Fender Tone Master Deluxe or 68 Custom Princeton?

Discussion in 'Amp Central Station' started by TwangerWannabe, Oct 6, 2019.

Which of these two amps would you prefer?

  1. Fender Tone Master Deluxe Reverb

    60 vote(s)
    46.9%
  2. Fender 68 Custom Princeton Reverb

    68 vote(s)
    53.1%
  1. grant53

    grant53 TDPRI Member

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    Exactly the point. One thing is not another thing. Judge it on its own merits. After you've played one. I can't wait to try one.
     
  2. jageya

    jageya Tele-Holic

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    how do the tmdr and tmtwin differ? I mean for someone who likesl edge of breakup spanky tones for blues.classic rock.Is the twin more for cleaner headroom?
     
  3. Joe K

    Joe K Tele-Holic

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    I played the Twin Tone Master for 90 minutes last night. Wow, really sounds just like playing through a tube amp. If you like edge of breakup at less than mind bending volumes, than no, the Twin is not for you. That is somewhat less true when you change the controls on the back to 22 watt, 12, 5 or 1 (the one watt was the only one that didn't sound good to me) but i'd bet the DR has better normal volume breakup/sustain and compression.

    Since others in this thread asked about the Custom PR, I had two and don't like them. Stick with the blackface Princeton reissue. It's a one trick pony but for playing at home or low volume jam, it's a helluva trick! (My two Custom Princetons each had quality issues, mainly cabinet buzz that their warranty centers could not eliminate. I'm sure there are some good ones but feel life is too short to save a few dollars screwing around with these Silverface reissues.)
     
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  4. mesatone01

    mesatone01 TDPRI Member

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    Manufacturers of Solid State amps have been trying to tell us since the late 60's that they can emulate a tube amp without any luck. Just can't do it. Apples to Oranges !
    As for as my choice of the two mentioned amps I'll take the Princeton.
    My current amp is a Morgan PR-12 with a Weber 12" speaker. It's built on a Princeton circuit, hand wired, point to point, single channel boutique tone monster. No lineout, no FX loop, no CD player or USB port. One volume, one treble, one bass and a reverb knob. The Morgan has Vintage vibe and vintage circuitry with some of the best natural compression I've ever used. Try one , you'll be sold.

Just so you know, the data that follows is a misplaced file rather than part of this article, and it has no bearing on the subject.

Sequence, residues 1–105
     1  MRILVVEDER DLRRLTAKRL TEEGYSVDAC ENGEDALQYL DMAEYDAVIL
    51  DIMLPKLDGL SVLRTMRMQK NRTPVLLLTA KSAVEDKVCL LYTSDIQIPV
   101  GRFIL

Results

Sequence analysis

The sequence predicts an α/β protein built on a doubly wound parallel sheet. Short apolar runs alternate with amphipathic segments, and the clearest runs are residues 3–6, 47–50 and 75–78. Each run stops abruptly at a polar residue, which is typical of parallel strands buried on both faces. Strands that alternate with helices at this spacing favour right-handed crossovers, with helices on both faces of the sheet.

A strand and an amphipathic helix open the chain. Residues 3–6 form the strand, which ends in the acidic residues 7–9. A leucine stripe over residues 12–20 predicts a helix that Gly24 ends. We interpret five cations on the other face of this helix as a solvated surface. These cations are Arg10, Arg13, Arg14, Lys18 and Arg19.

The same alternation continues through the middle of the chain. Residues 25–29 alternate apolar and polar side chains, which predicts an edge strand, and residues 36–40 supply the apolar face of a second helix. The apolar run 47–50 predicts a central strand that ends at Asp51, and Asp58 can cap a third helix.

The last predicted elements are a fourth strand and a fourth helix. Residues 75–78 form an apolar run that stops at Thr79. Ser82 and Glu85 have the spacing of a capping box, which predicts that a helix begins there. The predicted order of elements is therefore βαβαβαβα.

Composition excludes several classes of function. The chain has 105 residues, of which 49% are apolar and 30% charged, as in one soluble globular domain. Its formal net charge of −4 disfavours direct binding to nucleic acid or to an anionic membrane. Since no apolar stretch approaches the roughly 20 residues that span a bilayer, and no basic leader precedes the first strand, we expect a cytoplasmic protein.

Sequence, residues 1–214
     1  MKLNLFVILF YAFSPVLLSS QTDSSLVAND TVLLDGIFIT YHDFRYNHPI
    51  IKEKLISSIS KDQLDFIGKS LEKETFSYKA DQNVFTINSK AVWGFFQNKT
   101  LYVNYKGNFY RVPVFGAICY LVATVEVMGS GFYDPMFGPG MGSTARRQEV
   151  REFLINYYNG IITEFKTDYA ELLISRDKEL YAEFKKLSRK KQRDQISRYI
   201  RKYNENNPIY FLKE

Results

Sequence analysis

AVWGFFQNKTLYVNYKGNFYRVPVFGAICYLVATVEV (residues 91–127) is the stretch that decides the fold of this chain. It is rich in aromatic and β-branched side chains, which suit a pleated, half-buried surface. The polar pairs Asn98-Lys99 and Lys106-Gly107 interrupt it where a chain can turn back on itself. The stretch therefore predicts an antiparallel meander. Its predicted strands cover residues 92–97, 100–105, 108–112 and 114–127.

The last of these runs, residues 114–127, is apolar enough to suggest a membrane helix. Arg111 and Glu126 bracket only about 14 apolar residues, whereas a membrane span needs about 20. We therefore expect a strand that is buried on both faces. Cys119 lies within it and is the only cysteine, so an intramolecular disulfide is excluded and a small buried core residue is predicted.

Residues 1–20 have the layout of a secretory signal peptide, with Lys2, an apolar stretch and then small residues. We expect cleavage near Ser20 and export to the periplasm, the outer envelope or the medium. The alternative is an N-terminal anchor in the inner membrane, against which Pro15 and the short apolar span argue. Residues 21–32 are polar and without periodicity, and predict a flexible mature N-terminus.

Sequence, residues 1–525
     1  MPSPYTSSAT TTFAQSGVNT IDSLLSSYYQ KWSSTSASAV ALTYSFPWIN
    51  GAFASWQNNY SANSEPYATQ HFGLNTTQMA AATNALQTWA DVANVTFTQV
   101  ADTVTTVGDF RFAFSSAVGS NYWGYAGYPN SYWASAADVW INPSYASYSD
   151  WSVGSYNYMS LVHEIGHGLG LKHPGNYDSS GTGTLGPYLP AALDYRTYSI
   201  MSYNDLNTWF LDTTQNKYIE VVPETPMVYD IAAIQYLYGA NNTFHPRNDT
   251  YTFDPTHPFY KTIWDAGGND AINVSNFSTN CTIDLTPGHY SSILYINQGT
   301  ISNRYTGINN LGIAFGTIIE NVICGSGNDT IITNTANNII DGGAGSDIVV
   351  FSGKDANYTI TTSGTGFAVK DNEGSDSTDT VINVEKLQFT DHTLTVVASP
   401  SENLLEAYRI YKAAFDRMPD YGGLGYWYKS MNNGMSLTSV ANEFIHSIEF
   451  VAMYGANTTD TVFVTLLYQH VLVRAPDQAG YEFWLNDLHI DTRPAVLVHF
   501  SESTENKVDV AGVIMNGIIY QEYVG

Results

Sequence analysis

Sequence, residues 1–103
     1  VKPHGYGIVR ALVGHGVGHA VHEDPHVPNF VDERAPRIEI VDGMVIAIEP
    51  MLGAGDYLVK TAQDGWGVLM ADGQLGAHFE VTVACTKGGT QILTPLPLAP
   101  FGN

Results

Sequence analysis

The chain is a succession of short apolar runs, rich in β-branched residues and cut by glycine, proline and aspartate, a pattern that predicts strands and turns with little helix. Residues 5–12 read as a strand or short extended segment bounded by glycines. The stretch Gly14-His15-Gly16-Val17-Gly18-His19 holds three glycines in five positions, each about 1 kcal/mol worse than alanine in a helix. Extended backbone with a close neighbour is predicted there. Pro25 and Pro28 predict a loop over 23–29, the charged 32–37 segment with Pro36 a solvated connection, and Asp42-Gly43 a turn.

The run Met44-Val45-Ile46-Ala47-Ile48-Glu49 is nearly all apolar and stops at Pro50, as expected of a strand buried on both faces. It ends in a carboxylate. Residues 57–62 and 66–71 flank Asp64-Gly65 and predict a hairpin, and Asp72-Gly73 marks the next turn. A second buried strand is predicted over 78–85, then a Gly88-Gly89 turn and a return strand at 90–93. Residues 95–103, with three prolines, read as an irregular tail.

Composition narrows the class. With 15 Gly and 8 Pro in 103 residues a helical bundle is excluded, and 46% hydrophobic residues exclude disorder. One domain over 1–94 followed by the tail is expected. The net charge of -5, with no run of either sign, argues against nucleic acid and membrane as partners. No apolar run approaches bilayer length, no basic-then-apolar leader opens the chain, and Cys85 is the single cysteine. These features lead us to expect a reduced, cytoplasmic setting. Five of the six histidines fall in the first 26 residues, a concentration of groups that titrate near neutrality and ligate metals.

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  5. Axegrinder77

    Axegrinder77 Tele-Holic

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    I don't think people are choosing the 68 custom over the 65 prri to save money.. The price isn't a big difference. It's because they are more versatile and/or just sound better to some.

    I haven't had any cabinet rattle issues. My foot switch crapped out tho.
     
  6. Axegrinder77

    Axegrinder77 Tele-Holic

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    I agree, the tone master is cool, but lacks the liveliness of the real thing. Not all ears are equal, but many of us still need tubes. The tm, while intriguing, is a sonic compromise imo.
     
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  7. Axegrinder77

    Axegrinder77 Tele-Holic

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    What tweaks? I swapped in a celestion g10 vintage, and I use an eq pedal last in my chain, always on, dropping 200 hz a bit and 400 hz a bit less. I think the eq is critical because I can't turn it off.
     
  8. old_picker

    old_picker Tele-Afflicted

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    Heard a TM Deluxe here last week and I thought it sounded fabulous. I loved how little that thing weighed. Great tone and to me betrer than any DRRI Ive tried over the years. I tried to buy one several times but never quite made it to the car with one.

    Would I buy one? If I had some shows to do ir a tour etc yep Id grab one one and flip it as soon as the shows was done. I would not buy one to keep. The lifespan of these will not be long and chips etc will go out of production. End of life. Nuff said.

    68 PR is a whole nuther animal which cant be compared to the TMDR which is a disposable unit with a short life cycle.